A kettle tap, or a boiling water tap, does exactly what it suggests: it provides you with instant hot water for use in your kitchen. So rather than waiting for a kettle to boil, you can experience the luxury of instant boiling water from your own tap.
The tap or faucet will come with a tank and micro-boiler, which will be connected to the electricity system. Many kettle taps are also fitted with a filter. Different manufacturers offer various sizes of tank according to your needs, and you can choose different designs and finishes for the tap itself. The tanks are heavily insulated to avoid heat loss during the day, and most come with safety features to avoid wastage or accidents. For instance, they may include a button that needs to be pressed to allow the boiling water to release, or they have a separate control for the boiling water. The taps themselves will be thoroughly insulated to avoid scalding.
For a 1.5-litre kettle tap tank, you could expect to use around 0.4055 kWh of energy over 24 hours. This is less than the amount of energy you would use if you boiled a standard kettle around six times a day, which would typically consume 0.42 kWh. The insulated boiler kettle tanks avoid excess energy wastage.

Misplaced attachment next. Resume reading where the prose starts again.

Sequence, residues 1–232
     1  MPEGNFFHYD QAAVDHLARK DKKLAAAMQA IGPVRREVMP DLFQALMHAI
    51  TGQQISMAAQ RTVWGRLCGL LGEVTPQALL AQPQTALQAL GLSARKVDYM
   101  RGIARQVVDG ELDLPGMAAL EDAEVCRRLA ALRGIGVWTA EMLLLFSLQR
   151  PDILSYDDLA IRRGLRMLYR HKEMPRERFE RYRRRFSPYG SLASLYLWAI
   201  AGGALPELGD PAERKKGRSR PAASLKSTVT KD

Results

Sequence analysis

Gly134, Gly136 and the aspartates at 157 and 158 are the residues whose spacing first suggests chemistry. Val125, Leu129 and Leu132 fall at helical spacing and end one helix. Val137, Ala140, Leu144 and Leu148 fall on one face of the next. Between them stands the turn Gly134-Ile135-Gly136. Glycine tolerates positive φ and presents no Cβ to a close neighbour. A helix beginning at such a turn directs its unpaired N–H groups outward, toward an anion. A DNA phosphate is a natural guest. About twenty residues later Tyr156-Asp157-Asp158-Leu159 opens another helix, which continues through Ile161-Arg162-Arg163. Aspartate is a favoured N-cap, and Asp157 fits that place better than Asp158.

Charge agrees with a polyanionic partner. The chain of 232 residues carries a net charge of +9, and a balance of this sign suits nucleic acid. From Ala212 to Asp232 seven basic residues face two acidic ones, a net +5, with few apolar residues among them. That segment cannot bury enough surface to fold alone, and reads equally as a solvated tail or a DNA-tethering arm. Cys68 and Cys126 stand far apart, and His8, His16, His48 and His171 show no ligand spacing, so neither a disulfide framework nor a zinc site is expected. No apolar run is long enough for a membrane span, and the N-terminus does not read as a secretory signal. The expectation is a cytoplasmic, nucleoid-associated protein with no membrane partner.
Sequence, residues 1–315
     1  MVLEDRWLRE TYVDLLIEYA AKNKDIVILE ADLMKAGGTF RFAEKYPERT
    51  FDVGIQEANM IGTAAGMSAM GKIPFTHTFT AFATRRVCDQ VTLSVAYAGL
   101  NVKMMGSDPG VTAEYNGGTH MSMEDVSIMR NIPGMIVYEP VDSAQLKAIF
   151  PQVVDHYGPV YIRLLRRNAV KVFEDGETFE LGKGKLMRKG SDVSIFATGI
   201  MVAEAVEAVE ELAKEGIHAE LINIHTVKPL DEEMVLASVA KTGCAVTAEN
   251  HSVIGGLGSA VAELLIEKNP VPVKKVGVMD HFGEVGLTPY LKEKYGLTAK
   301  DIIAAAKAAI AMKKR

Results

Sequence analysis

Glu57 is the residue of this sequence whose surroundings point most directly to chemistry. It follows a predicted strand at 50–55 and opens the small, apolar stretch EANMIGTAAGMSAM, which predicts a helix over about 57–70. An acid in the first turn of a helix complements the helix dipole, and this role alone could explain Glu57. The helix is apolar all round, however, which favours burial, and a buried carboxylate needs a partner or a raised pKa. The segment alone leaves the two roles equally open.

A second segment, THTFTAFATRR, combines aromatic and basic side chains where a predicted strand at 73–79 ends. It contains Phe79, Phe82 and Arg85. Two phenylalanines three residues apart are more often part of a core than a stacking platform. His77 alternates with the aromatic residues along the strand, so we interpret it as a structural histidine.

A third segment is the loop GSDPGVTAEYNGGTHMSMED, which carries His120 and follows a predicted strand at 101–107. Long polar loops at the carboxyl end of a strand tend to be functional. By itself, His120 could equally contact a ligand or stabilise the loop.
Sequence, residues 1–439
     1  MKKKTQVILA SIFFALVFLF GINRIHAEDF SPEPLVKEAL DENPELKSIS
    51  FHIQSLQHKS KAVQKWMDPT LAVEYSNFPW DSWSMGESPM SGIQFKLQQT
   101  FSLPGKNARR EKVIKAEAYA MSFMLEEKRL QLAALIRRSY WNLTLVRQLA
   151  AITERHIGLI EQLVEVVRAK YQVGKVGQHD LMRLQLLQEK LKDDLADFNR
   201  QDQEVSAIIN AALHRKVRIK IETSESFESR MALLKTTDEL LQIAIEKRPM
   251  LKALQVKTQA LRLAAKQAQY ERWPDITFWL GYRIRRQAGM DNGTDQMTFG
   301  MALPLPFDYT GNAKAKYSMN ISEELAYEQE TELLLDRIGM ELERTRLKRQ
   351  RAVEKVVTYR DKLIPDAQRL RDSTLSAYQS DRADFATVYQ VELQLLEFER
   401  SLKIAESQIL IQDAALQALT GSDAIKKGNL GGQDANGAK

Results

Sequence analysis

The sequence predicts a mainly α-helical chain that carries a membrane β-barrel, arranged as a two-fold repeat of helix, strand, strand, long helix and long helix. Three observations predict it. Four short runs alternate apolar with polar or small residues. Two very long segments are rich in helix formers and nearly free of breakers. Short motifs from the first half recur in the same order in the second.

The tank can be discretely installed underneath the kitchen sink and with a connection to a power supply.
According to ROSPA, 60 people a day are scalded by ordinary kettles in the UK. For older and disabled people, especially, traditional kettles can be difficult to handle. With their slick, streamlined design, kettle taps help to avoid accidents by allowing you to pour boiling water in a more targeted way. Many kettle taps are fitted with safety features that prevent children accessing their hot water settings. They may also save you water because no boiling water is wasted.
Kettle taps are primarily desirable because of their convenience – whether it's grabbing a cup of tea on the run or filling a pan to boil pasta or blanch vegetables. What's more, the water filter will enhance the flavour of your hot water.
You can have a kettle tap that dispenses only boiling water (100C) or nearly-boiling water, or one that can be used to provide hot (50-60C) and cold water from the same tap using a special 'combi-tank'. Finishes include stainless steel, brushed steel and chrome, in a variety of stylish and contemporary designs, including swivel taps for multiple and single sink designs. Tank sizes range from 1.5 to 3 litres.
The taps are typically designed for a cold water pressure range of from around 1.7 to 8.6 bar. Beyond this level of pressure, with certain models, you may require the use of a pressure-reducing valve.
The kettle tap system should come with at least a two-year guarantee and may be fitted with a ceramic valve that can remove any lime scale build up inside the valve. This valve can be re-fitted without the need to replace the whole tap at a later date.